Compared to refrigerated storage, which allows you to store Sourdough for short periods (1 to 4 weeks), storing Sourdough in the freezer is a must if you want to keep it for periods ranging from 1 to 12 months. In addition, it is undoubtedly a convenient option to manage your starter at home, where it is occasionally used, and an excellent way to ensure a “safety stock” to make up for any eventual accidents.

As we have seen, the steps are not technically complex, but time is the secret to ensuring the best result and getting the sourdough back to the right strength before it is used in your recipes.

Share

8 comments about “Il Lievito Madre Surgelato”

  1. Ezio Caramia

    Preparando il panettone con il lievito madre, da premettere che ho fatto 3 rinfreschi prima di fare il primo impasto, con un lievito portato a un ph 4.01, ho notato che la lievitazione non ė mai inferiore di 18 ore e anche oltre, 20-26 ore, ottenendo un ottimo risultato. Perche tutte le ricette sul panettone col lievito madre parlano di una prima lievitaziine di 12,14 ore? Forse perché il disciplinare sul panettone prevede massimo 1 grammo di lievito di birra su kg.1 di impasto? Ho provato a mettere gr.0,5 di lievito di birra su kg.1 di impasto di panettone e ho notato che entro le 12,14 ore, l’impasto si triplica. Ė questo il motivo?
    Grazie per la sua gentile risposta

    1. Ciao Ezio,
      La lievitazione ritardata del primo impasto (se effettuata a 26° 28°C) deriva principalmente da un lievito debole con le acidità non correttamente bilanciate. Il fatto che il Ph TOTALE fosse correttamente intorno a 4 non basta purtroppo a definire il corretto equilibrio del lievito. Questo perché il ph-metro misura l’acidità totale del lievito, quindi quella lattica + quella acetica, mentre il fatto di avere un lievito ben bilanciato deriva dall’equilibrio delle 2.
      Nel tuo caso, l’acidità totale era corretta (già un buon punto di partenza), ma molto probabilmente avevi poca acidità acetica, dovuta al fatto che nella tua tua pasta madre c’erano “pochi” lieviti e troppi batteri lattici.
      Il modo migliore per aggiustare questi casi è intervenire sia sui mantenimenti giornalieri, ché sui 2-3 rinfreschi prima dell’impasto.
      Dai un’occhiata a questo link: https://biancolievito.it/s-o-s-lievito/

      A presto!

  2. Salve.
    Devo congelare il lievito. È venuto a galla. Lo metto in frigo con o senza acqua?
    E in congelatore con o senza acqua?
    Grazie

  3. Ciao, ho tentato a seguire la dettagliatissima procedura del congelamento/riattivazione, ho fatto il bagnetto e rinfrescato e adesso il mio lievito madre è in acqua da 40 ore ma ancora non è venuto a galla… qualche consiglio?

    1. Ciao Daniele!
      Non preoccuparti; è del tutto normale! Aspetta che il lievito venga a galla e poi inizia a rinfrescarlo giornalmente.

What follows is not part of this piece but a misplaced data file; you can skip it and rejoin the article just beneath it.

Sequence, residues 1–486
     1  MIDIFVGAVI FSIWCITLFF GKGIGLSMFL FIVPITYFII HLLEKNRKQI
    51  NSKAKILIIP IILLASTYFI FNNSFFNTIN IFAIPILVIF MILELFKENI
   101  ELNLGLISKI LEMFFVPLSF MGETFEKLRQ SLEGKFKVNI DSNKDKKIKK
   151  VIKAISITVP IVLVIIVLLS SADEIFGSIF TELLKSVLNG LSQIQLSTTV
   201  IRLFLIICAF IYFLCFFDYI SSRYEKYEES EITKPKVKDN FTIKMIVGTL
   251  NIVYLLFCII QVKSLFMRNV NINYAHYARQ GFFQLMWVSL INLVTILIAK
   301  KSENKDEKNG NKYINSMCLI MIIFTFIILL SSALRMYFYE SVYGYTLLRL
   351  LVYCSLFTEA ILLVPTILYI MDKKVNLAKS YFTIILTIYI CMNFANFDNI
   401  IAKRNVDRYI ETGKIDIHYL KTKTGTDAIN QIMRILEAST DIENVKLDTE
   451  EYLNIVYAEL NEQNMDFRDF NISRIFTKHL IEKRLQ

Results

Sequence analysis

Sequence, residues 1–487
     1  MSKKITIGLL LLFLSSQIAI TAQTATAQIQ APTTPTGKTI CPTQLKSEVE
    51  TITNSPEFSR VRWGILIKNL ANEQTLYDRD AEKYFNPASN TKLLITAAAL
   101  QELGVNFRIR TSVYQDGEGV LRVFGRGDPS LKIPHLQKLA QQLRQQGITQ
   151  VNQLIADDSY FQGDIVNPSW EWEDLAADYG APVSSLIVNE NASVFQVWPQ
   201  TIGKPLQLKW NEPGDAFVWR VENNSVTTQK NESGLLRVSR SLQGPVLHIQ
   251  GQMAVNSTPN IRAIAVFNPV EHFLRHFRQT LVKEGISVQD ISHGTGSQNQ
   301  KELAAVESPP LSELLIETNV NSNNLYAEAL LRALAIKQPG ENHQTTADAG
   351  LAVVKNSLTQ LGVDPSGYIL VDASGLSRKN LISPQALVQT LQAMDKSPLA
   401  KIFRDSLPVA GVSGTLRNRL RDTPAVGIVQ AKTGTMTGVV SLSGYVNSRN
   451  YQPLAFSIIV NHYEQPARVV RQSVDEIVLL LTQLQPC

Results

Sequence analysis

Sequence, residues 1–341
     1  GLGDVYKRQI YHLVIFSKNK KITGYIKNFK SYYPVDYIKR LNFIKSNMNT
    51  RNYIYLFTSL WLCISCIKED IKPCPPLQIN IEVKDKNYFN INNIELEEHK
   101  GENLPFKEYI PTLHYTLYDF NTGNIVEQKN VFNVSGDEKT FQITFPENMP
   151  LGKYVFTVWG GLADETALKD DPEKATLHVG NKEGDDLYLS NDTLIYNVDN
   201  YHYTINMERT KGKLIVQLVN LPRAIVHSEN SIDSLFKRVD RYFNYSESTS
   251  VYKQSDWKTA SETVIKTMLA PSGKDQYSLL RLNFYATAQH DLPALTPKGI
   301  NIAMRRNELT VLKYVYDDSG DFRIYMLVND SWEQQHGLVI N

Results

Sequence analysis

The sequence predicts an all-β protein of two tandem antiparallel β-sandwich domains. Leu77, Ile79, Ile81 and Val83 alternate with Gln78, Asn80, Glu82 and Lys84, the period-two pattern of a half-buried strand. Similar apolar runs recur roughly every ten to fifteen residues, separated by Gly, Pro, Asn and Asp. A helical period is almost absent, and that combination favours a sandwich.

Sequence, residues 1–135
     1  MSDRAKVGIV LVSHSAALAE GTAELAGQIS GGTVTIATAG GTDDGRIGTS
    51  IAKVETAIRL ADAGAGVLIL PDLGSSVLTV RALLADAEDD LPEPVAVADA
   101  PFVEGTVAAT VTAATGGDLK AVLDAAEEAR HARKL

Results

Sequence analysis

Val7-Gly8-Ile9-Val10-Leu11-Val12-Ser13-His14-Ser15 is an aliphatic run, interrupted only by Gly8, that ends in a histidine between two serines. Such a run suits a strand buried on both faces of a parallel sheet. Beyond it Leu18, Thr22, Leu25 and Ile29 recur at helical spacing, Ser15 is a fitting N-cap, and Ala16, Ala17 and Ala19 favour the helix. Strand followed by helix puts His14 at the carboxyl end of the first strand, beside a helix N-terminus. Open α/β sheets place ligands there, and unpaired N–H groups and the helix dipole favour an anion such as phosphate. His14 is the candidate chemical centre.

Se sono già passate 40ore, ti consiglio di far scorrere nel recipiente dell’acqua corrente fredda, in modo da ricambiarla.
      A presto!

Lascia un commento

Your email address will not be published. I campi obbligatori sono contrassegnati *

come rinfrescare il Lievito Madre Surgelato

How to Freeze Sourdough Starter: Easy & Safe Method

Many times at home, we have to deal with the cost/benefit ratio of working with a “living” ingredient, such as Sourdough Starter, that needs to be managed daily.

Every day, the Sourdough Starter has to be fed through refreshments, requiring a significant amount of flour over a month. All this is to use Sourdough Starter to prepare bread or pastries occasionally. Of course, we also must consider taking the long-awaited summer vacation or going away for a weekend.

What you can find in this page

How to freeze Sourdough Starter

Suppose you also recognize yourself in this scenario and must put your Sourdough Starter on hold. In that case, you can choose refrigerated storage, which is suitable for storing the Sourdough Starter for 1 to 4 weeks, or for a more extended period (1 to 12 months), the option of Freezing the Sourdough Starter and storing it in the freezer turns out to be the only viable way. This type of storage slows down the yeast’s vital functions and allows it to hibernate naturally while remaining alive. Nature has provided yeast with natural “cryo-protective” substances such as Trehalose that help the yeast cell live in such environmental conditions. So, have no fear; your yeast will survive!

Preparing the Sourdough for storage in the freezer is a relatively simple operation and consists of refreshing the starter after the bath with the following proportions:

1Kg (4 1/4 cup) of Sourdough starter

2Kg (8 1/2 cup) of 00 Flour (W 360)

800gr (3 1/3 cup) of water at 30°C (86°F)

Once the ingredients are mixed, roll the dough to a thickness of 1cm, fold it into 3, and soaked in fresh water (at 19-20°C, 66-68°F); try to respect a 1:3 ratio of starter vs. water (1kg of yeast soaked in 3l of water). Once it has come to the surface, place it in the refrigerator at +4°C (39°F) for 24h and then in the freezer (better blast chiller for those with one) until completely frozen. Once frozen, wrap the Sourdough with a sheet of food-grade cellophane and store it for as long as necessary.

How to activate the frozen Sourdough

Reactivating the frozen Sourdough Starter takes time and should be planned at least 10 to 15 days before you want to use the starter in your recipe. This longer recovery time is obviously due to the yeast’s unusual weakness during the storage period in the freezer.